Peter challenged the early church to remain fervent or earnest in their love for one another, knowing that they would need God’s abundant love to cover a multitude of sins, mistakes, and missteps in their attempt to do so. The Greek word, ektenés, translated earnest or fervent, literally means “stretched out fully” and is the root word for the English terms “tense” and “tension.”

I am so thankful that Peter chose to use this word, as it aptly describes the tension and the strain involved in loving one another earnestly and showing hospitality to one another, even to the ones who live in our homes. These verses leave me clinging to another verse:

“If any of you lacks wisdom, let him ask God, who gives generously to all without reproach, and it will be given to you” (James 1:5).

A Delicate Dance

Teenagers need both space and presence. Loving my teenaged boys looks like a delicate dance with lots of stepping on toes, apologies, and tearful conversations on both sides. But it is an incredible dance that leads me to both dependence and delight.

Our Dance

I struggle to get the spacing right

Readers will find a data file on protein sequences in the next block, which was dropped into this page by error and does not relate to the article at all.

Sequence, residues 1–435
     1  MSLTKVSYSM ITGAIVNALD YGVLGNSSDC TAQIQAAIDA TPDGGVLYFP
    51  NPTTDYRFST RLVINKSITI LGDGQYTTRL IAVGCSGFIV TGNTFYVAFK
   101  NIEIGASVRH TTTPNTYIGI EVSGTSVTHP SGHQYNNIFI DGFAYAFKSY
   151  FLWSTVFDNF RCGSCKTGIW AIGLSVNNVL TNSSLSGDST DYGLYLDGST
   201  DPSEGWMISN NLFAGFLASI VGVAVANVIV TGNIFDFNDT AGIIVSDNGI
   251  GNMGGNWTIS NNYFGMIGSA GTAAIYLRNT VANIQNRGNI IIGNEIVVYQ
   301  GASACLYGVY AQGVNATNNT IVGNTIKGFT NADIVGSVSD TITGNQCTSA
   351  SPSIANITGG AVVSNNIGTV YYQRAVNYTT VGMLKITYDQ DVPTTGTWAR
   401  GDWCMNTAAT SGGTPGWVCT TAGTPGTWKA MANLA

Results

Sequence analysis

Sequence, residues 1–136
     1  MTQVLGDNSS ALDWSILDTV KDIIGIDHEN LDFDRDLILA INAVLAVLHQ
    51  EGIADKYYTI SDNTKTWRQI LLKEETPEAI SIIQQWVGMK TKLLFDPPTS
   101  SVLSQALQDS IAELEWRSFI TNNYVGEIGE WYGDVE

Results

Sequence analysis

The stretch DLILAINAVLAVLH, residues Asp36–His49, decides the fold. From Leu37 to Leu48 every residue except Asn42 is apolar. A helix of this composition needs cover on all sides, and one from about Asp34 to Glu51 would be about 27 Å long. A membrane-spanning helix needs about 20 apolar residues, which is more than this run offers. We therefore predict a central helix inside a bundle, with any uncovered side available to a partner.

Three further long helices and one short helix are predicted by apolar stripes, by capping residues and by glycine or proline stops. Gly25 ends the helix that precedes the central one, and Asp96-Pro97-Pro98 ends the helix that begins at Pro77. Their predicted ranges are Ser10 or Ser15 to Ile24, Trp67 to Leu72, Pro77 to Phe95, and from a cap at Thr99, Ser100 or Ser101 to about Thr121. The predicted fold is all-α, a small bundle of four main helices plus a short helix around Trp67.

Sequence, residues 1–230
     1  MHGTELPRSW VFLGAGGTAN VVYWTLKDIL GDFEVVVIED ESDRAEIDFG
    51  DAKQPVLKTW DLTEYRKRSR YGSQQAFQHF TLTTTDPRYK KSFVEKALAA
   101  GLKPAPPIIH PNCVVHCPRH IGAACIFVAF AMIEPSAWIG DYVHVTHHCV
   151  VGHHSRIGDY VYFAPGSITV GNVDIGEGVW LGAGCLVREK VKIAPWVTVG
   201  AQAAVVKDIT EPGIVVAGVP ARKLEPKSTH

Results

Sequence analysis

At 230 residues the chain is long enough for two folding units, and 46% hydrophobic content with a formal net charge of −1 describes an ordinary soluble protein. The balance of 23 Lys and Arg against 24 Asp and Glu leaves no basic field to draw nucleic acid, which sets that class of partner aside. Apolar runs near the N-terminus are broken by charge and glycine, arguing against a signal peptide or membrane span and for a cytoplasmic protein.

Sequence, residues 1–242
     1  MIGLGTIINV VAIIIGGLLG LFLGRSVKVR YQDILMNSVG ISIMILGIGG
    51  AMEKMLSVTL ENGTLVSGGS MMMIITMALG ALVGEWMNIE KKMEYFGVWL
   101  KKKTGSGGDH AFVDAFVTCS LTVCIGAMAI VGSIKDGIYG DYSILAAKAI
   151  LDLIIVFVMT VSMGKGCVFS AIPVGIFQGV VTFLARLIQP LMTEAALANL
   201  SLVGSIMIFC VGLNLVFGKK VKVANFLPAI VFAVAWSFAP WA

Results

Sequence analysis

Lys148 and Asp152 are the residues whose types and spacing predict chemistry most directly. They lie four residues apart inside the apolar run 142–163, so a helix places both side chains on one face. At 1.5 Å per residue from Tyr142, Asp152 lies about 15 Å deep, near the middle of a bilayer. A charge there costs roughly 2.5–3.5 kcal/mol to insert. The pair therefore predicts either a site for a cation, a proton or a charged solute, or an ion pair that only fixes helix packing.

As we learn a new kind of dance. 
I loved our past choreography-
Its simple steps, your typical glance. 

There’s a depth now to your eyes,
Matching the mystery in your soul. 
We still move in a partnership, 
But I’m a bit unsure of my role. 

You keep growing and changing,
Finding your own tempo and pace.
Balancing proximity and distance 
Requires great measures of grace.

I’m learning to let you lead, son.
You are learning you know how,
We’re both preparing for a future 
When another will kiss your brow. 

The dance isn’t always graceful;
We’ll step on an occasional toe. 
But know it’s my distinct delight
 To dance with you as you grow.  

These resident aliens are keeping me on my toes and on my knees. What a privilege it is that God would entrust them to me.

Lessons from the Border

Our first mission trip as a family was an assault on the senses. We took in so much in such a short amount of time while moving at such a dizzying rate that I am just beginning to prayerfully process nearly a week later. Two particular images keep coming to my heart and mind: the tidiness of a tent city and the cartwheeling son of a fire-breather.

The Tidiness of a Tent City

Our first full day in Tijuana, we went to serve at a shelter for those seeking asylum in the United States (currently waiting at the border). When we parked the car, I was overwhelmed by the dirt, feces, and subsequent flies in the street. I held my son’s hand tightly as if to protect him from all he was seeing for the first time. Thus, you can imagine my shock when we walked into the semi-open-air shelter of corrugated metal to see a tidy little city of well-kept tents. The place was immaculate by any standards, but especially considering the fact that over one-hundred-fifty women and children were living in such a small space.